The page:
Through the wormhole ©  Andy Potts

Through the wormhole

Could we travel through a black hole to take a shortcut into another galaxy?

Ever since a trip through a wormhole was first portrayed in 2001: A Space Odyssey 50 years ago, the idea of them has captured the public imagination. And small wonder: they’re the ultimate form of cosmic travel: a way of zipping across galaxies in an instant.


But while wormholes have become a staple of science fiction, among scientists they’ve been a source of endless frustration. Not because the idea is ridiculous, but because it isn’t. The astonishing fact is that wormholes are a natural consequence of current theories of gravity, and were investigated by Einstein himself over 80 years ago. Ever since, researchers have been trying to find out if such a bizarre theoretical possibility could be a reality.

And now they have made a major breakthrough – one which exploits deep connections between the nature of space and time and the laws of the subatomic world. The result is a new understanding of exactly what’s required to make a real-life wormhole.

Einstein first investigated the properties of wormholes with his colleague Nathan Rosen in 1935, using his theory of gravity known as General Relativity. They found that what we now call a black hole could be connected to another via a tube-like ‘throat’. Now called the Einstein-Rosen bridge, this seemed to open the way to taking shortcuts through space and time, entering a black hole in one part of the Universe and emerging from another perhaps millions of light-years away, but without taking millions of years to do so – thus effectively travelling faster than the speed of light.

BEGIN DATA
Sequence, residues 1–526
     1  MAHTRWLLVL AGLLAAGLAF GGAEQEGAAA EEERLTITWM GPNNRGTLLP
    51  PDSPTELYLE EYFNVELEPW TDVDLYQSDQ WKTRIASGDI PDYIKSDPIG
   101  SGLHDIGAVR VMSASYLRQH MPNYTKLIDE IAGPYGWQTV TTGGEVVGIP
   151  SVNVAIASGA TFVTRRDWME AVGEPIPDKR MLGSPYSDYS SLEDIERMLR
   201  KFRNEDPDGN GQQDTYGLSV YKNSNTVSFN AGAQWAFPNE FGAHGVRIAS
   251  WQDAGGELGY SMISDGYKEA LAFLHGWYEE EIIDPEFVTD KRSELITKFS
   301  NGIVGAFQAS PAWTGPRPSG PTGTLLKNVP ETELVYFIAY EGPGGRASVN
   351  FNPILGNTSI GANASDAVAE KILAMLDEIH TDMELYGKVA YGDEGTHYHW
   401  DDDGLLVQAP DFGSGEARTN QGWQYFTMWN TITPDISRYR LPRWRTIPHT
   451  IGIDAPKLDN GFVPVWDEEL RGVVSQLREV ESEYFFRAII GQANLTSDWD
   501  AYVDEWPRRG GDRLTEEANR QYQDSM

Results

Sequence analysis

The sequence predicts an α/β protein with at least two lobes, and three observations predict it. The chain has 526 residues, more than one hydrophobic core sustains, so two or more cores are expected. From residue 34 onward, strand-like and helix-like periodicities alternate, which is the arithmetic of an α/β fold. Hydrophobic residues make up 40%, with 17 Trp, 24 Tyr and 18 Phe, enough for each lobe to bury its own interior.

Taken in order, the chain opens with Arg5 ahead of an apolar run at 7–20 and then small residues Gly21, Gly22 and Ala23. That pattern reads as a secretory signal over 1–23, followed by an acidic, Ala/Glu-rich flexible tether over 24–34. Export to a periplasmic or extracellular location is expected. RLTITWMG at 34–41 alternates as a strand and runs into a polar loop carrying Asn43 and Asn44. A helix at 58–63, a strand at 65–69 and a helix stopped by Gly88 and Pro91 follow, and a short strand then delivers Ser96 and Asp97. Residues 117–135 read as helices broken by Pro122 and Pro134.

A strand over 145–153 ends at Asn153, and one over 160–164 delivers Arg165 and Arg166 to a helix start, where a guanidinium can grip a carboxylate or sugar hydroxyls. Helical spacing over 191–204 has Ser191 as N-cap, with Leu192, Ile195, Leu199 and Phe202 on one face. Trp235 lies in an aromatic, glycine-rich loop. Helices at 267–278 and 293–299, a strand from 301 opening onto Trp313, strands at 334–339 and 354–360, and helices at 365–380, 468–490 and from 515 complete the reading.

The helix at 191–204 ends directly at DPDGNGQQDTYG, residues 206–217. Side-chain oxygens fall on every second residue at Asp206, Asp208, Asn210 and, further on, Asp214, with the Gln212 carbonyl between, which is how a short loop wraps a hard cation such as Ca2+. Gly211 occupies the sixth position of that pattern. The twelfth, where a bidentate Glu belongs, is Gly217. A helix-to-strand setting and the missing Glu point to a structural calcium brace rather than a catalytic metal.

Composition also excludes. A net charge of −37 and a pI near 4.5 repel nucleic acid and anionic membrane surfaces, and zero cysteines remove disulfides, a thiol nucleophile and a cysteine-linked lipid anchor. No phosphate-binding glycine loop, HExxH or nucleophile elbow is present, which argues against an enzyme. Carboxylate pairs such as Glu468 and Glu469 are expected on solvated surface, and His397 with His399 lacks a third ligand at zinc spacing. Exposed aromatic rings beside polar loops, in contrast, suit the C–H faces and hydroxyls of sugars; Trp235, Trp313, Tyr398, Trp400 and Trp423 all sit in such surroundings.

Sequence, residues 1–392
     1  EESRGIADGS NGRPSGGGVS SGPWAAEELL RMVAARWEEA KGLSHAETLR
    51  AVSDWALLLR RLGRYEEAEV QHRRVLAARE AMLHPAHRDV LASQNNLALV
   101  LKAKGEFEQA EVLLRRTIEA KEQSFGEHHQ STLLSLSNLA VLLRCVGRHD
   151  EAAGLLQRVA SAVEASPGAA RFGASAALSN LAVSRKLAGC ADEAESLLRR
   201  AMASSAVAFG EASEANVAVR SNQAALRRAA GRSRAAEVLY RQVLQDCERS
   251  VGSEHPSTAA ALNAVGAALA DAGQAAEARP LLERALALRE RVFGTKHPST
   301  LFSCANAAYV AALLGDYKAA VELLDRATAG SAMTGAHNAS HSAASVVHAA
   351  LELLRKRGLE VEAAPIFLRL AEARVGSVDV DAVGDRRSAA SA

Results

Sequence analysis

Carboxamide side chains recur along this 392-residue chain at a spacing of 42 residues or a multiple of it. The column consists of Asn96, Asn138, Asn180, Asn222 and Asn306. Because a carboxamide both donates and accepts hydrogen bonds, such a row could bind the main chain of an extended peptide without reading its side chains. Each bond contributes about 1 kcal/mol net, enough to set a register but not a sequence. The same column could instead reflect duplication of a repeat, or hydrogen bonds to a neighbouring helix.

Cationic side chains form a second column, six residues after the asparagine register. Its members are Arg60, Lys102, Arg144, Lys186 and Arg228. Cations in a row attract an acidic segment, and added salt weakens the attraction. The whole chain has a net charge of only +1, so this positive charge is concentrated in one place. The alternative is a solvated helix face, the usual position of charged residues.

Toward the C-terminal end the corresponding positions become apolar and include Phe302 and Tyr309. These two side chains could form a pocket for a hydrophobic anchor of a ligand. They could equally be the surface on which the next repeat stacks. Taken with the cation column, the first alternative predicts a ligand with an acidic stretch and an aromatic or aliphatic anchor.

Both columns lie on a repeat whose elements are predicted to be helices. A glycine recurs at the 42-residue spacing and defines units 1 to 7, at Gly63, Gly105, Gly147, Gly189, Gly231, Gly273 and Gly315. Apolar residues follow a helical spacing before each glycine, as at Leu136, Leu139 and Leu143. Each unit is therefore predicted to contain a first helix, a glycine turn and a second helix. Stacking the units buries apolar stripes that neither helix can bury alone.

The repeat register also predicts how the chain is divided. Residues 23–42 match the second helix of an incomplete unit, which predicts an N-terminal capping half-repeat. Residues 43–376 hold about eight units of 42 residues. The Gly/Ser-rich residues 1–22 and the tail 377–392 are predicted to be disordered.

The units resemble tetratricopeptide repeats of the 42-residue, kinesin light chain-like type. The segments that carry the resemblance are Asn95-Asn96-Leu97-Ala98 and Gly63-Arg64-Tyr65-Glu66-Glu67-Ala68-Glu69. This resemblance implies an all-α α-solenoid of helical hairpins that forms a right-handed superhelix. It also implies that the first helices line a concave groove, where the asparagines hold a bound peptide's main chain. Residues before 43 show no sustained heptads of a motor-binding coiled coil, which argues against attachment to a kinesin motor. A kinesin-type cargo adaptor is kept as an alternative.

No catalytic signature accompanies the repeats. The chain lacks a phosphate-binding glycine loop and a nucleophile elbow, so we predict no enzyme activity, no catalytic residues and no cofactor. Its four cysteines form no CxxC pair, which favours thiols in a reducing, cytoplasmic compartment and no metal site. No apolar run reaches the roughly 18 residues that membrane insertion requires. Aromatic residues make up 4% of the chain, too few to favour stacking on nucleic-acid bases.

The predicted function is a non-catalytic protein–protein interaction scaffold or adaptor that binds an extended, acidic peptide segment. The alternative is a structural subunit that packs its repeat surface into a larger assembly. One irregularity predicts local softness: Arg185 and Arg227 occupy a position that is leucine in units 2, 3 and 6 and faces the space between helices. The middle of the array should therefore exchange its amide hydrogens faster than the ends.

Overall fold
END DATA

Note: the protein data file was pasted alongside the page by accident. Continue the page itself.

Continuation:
It was a stunning idea, but in the early 1960s it was dealt a severe blow by John Wheeler, the brilliant US physicist who first coined the terms ‘black hole’ and ‘wormhole’. Together with fellow theorist Robert Fuller, he showed that the Einstein-Rosen bridge would collapse almost as soon as it formed. As Dr Daniel Jafferis, associate professor of physics at Harvard University explains: “We could jump in from opposite sides and meet in the connected interior, but then we would both be doomed.”

Jafferis is one of an elite group of theorists around the world searching for ways to dodge this problem. For years, the most promising idea has been to support the bridge using a type of ‘exotic matter’ with negative energy. As its name suggests, this is pretty weird stuff – so weird it’s capable of bending the normal rules of gravity. While ordinary matter always generates a gravitational pull, the negative energy produced by this exotic matter generates an antigravitational repulsion. Amazingly, such energy is known to exist. In the 1990s, astronomers discovered that the whole Universe is expanding under the antigravitational effect of so-called ‘dark energy’. There’s just one problem – the exact origins of dark energy are as yet unknown. The same goes for the exotic matter – no one has any idea how to create the stuff, let alone use it keep a wormhole open long enough to fly through.

The worm has turned

But now the debate over such so-called traversable wormholes has taken a radical new turn. It follows the discovery of a new…

This is an extract from issue 322 of BBC Focus magazine.
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